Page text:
Chris Roams

Travel, Adventures, and Photography

Westward Ho

Since the untimely demise of my motorcycle I've been searching for a new adventuremobile. Bad Larry, my Baja Beetle, is a ton of fun and proved itself (mostly) in Death Valley but is neither fast nor comfortable for long distance trips. I decided it's time for something a bit more comfy: a 19' Airstream trailer and a Chevy ZR2 to tow it with; the best of both worlds as I can leave the trailer behind and take the truck out into rougher terrain when necessary.UNADJUSTEDNONRAW_thumb_59b0
As with most of my vehicles, I can't leave well enough alone so I decided that a lift kit was in order. Not for the truck, that's tall enough as it is, but for the trailer. I can't have it dragging on the rocks on my way out to remote boondocking sites. Fortunately Airstream suspensions are dead simple and installing a 3" lift on the trailer was as simple as putting spacers between the axle and the frame.
With that job completed, thanks to the vehicle lift in Sean's driveway, and the snow already falling in New England it was time to head west in a hurry. After a 3 day blur of truck stops, WalMart parking lots, and a snow storm in Illinois Laura, Amanda, and I met up with Justin in Las Vegas, New Mexico. We started our real adventures at Canyon de Chelly National Park where we hiked down to the White House ruin and had the place all to ourselves.
We finished the evening driving up Moki Dugway in the dark to one of my old haunts from the motorcycle days: Muley Point, where we enjoyed a spectacular sunrise, some petroglyphs, and the realization that Justin brought his surf board all the way from San Diego for no apparent reason.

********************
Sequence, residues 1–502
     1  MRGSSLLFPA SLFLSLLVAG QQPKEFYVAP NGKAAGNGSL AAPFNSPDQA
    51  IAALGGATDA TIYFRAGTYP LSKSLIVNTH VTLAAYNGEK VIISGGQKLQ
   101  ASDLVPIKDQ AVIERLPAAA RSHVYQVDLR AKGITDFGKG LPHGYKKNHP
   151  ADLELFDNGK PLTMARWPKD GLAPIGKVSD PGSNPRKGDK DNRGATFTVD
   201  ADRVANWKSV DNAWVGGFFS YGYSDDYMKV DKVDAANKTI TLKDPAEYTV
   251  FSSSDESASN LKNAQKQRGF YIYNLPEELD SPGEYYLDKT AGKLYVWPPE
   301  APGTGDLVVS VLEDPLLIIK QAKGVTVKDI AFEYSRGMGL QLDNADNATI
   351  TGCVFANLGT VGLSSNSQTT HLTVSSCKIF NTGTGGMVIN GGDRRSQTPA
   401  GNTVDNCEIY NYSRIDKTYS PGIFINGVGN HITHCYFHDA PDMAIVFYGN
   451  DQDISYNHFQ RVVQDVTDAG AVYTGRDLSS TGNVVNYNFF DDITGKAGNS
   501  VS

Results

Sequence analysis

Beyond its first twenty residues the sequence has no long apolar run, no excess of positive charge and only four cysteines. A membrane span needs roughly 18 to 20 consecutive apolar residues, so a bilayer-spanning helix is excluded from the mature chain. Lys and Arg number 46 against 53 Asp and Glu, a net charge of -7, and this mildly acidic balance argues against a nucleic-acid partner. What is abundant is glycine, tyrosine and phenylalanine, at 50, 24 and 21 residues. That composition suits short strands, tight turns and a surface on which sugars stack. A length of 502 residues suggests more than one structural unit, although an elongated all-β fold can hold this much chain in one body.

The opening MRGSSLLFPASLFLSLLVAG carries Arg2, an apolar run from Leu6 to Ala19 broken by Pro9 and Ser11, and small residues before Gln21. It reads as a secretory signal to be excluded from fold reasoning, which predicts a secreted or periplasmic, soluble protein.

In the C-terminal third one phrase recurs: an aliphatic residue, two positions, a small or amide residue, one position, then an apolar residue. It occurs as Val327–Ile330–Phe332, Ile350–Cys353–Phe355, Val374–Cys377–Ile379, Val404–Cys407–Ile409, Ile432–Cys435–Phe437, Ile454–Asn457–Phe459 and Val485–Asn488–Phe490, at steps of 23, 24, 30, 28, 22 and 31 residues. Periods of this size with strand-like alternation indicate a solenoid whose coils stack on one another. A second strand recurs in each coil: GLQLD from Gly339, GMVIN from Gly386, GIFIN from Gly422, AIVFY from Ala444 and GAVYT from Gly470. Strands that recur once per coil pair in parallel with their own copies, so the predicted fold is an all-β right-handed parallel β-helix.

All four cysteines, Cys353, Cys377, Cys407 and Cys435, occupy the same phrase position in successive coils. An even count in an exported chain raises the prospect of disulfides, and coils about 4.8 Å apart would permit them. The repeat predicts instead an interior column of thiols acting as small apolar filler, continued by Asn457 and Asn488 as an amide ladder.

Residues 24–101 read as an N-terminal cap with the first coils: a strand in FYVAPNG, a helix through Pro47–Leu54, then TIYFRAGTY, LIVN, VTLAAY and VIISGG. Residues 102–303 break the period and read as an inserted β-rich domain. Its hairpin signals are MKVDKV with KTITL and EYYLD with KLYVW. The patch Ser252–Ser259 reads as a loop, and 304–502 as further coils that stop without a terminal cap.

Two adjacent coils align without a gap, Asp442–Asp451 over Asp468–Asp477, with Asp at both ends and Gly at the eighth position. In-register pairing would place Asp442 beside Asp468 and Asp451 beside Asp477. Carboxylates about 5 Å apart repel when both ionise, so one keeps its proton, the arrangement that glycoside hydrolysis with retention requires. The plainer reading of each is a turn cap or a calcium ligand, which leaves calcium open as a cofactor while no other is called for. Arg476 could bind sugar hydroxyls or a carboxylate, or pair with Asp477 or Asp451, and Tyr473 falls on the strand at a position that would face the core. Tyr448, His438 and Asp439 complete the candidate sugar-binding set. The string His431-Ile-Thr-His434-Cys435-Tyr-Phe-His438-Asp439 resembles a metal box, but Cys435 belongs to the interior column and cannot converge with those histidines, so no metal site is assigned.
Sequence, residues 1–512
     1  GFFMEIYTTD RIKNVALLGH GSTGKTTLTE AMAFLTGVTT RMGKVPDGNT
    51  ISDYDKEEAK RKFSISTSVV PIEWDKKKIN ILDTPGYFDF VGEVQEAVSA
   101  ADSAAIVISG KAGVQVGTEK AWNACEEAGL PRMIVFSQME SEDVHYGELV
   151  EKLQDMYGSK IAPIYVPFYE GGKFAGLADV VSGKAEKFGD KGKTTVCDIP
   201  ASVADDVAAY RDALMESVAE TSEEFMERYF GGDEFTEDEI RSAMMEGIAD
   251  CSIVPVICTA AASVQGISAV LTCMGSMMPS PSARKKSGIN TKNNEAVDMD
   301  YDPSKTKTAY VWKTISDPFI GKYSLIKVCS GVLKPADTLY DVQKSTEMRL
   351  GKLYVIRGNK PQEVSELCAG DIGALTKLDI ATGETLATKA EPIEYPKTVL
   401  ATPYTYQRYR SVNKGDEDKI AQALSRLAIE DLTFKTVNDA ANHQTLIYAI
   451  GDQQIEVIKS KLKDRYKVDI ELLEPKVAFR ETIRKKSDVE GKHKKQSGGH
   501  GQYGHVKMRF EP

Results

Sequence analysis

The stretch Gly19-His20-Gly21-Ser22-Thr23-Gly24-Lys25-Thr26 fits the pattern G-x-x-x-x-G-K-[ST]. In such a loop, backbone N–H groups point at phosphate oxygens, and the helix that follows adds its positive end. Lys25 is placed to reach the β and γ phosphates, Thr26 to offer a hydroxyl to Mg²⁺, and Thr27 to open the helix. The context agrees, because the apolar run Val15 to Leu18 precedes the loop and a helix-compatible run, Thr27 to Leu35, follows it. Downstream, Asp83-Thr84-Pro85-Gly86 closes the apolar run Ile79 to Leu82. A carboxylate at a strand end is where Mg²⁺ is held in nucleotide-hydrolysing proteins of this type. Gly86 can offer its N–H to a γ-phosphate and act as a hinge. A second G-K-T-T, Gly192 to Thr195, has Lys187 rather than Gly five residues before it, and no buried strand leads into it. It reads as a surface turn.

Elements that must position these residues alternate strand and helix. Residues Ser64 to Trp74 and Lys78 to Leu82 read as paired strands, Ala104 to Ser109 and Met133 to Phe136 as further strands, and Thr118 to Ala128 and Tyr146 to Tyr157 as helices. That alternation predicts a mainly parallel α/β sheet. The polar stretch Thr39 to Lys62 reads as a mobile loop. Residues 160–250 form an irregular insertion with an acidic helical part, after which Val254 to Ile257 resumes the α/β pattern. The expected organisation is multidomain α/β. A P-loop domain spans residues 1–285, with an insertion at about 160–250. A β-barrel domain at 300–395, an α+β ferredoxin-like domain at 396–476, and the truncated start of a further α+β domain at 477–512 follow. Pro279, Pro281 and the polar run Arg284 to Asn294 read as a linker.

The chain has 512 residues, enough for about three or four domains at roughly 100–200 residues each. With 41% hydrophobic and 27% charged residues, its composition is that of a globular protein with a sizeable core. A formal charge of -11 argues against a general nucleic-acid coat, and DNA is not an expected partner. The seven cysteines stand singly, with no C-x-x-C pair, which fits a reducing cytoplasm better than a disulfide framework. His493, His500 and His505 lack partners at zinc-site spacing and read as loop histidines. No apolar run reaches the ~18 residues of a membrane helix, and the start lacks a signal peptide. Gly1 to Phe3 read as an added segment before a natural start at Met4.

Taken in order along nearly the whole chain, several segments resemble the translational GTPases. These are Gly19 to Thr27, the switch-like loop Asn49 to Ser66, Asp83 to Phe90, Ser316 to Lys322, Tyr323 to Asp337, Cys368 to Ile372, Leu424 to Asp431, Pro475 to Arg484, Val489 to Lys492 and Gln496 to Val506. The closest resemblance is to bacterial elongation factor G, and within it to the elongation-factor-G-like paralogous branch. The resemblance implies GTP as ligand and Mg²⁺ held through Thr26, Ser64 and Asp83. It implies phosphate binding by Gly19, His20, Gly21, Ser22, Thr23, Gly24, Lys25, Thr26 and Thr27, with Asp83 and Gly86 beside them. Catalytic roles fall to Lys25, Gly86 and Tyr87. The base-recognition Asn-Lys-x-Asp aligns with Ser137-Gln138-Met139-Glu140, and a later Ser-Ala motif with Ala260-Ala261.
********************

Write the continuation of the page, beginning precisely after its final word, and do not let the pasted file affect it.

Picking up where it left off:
Leaving the trailer behind, we proceeded back down the Dugway, through the Valley of the Gods, and up Comb Wash to the Moon House Ruin. This is another tough spot to get into both due to the rough dirt road and the strict limits on the number of people allowed to access the ruin. Fortunately nobody thinks to come out here during the off-season so once again we had the place all to ourselves. This area is part of what was until recently Bears Ears National Monument and along the way we stumbled across one capped drill site. It makes me wonder how long it will be until this vista is marred with oil and gas rigs like the area north of Canyonlands National Park.
The next day we continued our ancient ruins tour with a hike in to the House on Fire ruin and then made our way across the northern end of Lake Powell where we split up with Justin and Amanda taking the Burr Trail though Capitol Reef while Laura and I pulled the camper over the mountains, reuniting in Escalante's Petrified Forest State Park.
In Escalante it was time to leave the trailer behind again and head back to another old haunt: the Dry Fork Slots of Coyote Gulch where we ascended Peekaboo Gulch and descended Spooky Gulch, just as tight as ever.
We finished off our stay in Escalante the next day with a hike into Lower Calf Creek Falls.
Heading further west we made our way up to Bryce Canyon National Park, already dusted with snow due to its higher elevation, where we strung together the Queens Garden Trail and part of the Navajo Loop Trail for a nice tour of the bottom of the canyon.
Finally, dropping down off the Colorado Plateau, we descended into Las Vegas where we parted ways, everyone heading home while I continued on to San Diego to make it a true transcontinental trip.